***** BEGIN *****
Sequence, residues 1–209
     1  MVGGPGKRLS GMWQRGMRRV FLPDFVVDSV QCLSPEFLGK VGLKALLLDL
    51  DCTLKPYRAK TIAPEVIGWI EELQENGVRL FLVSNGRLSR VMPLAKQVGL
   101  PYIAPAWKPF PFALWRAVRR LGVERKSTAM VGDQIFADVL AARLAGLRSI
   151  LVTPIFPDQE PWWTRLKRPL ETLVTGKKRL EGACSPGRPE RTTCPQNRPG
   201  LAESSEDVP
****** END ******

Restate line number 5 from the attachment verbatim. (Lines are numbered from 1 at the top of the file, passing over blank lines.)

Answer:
   151  LVTPIFPDQE PWWTRLKRPL ETLVTGKKRL EGACSPGRPE RTTCPQNRPG